Critical thinking requires us to carefully examine three things: the claim being made, the source of the information, and ourselves.
We like to think of ourselves as rational and fair-minded; it is other people who have biases. This is a problem. The fact is we all have biases, stereotypes and prejudices that can influence our thinking without our realizing it (for more on this, check out the Harvard Implicit Association Test to find some of your very own cognitive biases).
Before we get down to analyzing arguments, we need to do some self-examination first and locate the possible sources of bias that may be negatively influencing or constricting our thinking. The questions below can help raise our awareness of thinking habits that may be getting in our way.
Possible Sources of Cognitive Bias
1. AGE: How old are you? How might your age affect both what you know and your attitude toward gaining knowledge?
2. CULTURE/NATIVE LANGUAGE/ETHNICITY: What is your native language? What other languages do you speak? How might your particular languages affect your knowledge? How does the worldview of your culture influence your thinking?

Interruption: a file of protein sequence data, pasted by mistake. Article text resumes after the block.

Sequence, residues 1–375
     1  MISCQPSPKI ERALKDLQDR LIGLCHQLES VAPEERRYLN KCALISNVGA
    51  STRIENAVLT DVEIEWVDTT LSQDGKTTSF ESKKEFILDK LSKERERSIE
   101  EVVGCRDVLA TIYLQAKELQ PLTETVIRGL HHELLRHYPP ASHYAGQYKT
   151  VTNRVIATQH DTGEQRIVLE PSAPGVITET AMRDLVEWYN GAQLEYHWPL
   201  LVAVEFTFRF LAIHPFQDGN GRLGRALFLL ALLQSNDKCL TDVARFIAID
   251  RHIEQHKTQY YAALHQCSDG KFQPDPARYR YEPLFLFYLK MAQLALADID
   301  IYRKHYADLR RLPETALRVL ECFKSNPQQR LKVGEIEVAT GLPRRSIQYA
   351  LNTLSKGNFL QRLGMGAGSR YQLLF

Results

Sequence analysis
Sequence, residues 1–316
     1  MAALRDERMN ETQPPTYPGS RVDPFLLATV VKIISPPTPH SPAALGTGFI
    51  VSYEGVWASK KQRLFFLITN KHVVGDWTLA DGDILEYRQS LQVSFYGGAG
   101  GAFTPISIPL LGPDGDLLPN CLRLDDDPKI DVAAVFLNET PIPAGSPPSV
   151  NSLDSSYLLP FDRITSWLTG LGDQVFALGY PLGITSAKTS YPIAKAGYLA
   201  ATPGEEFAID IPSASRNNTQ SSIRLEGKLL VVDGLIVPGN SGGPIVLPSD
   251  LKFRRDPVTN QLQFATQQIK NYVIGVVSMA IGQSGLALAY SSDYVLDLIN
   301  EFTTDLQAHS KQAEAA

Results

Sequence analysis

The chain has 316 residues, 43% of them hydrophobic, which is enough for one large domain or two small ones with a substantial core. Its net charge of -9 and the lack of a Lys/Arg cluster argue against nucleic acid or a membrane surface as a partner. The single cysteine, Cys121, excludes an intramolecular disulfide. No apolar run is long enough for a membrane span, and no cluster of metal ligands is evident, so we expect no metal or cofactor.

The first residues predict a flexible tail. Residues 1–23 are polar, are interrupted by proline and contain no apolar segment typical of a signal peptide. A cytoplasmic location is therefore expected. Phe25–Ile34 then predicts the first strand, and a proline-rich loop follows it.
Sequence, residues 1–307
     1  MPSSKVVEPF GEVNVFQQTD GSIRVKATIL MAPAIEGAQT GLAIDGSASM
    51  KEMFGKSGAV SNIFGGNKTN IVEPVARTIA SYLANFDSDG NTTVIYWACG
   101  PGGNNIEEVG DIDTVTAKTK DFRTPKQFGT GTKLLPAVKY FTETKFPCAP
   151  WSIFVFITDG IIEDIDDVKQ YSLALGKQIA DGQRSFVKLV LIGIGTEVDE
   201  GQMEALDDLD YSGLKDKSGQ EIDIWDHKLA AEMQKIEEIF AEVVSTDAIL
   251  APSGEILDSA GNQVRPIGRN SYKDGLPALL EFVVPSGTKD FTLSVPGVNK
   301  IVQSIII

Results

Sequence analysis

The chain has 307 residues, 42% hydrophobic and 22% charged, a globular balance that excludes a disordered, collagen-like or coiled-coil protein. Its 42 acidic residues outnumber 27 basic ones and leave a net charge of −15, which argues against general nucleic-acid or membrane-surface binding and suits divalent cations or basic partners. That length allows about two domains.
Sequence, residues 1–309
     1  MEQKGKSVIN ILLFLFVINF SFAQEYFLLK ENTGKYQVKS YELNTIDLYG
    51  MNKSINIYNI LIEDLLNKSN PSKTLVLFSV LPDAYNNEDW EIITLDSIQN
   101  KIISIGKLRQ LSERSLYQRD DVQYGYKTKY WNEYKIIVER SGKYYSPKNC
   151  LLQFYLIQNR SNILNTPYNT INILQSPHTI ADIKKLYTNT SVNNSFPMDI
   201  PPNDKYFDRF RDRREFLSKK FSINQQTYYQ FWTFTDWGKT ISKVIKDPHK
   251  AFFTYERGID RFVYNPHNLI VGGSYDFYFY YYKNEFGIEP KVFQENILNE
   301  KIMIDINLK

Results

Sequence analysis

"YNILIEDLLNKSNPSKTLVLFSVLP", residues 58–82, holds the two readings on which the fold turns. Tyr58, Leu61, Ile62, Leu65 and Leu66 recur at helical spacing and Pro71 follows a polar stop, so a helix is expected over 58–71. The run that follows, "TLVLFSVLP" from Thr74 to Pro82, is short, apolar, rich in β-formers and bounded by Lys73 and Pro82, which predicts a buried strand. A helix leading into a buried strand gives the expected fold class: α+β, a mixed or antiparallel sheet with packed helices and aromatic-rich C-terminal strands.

3. SEX: What sex are you? Does your gender role affect the way you see the world and the expectations you have about your knowledge? Does your gender role have an inhibiting effect on what you know?
4. GEOGRAPHY: Are you urban or rural? How might living in a city or living in the country affect how you have learned and what you know? Do you live in a cold climate or a warm one? How might that affect your thinking?
5. RELIGION: What is your spiritual worldview? How does following a particular religion, or not doing so, affect your knowledge?
6. ANYTHING ELSE? What other aspects of your background belong here? Are there other ways in which your thinking is being framed by other influences and assumptions? These questions are intended to be starters, opening ideas, to which you can easily add more.